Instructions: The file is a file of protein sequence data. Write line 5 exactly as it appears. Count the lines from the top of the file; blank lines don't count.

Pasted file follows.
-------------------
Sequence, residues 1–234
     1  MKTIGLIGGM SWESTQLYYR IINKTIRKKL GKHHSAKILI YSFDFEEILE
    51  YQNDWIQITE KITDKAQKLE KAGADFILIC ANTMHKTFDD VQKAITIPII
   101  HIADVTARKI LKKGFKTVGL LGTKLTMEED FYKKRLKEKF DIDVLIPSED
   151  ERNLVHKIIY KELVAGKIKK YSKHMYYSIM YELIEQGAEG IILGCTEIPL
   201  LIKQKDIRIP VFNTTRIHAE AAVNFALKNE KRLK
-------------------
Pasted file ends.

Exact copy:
   151  ERNLVHKIIY KELVAGKIKK YSKHMYYSIM YELIEQGAEG IILGCTEIPL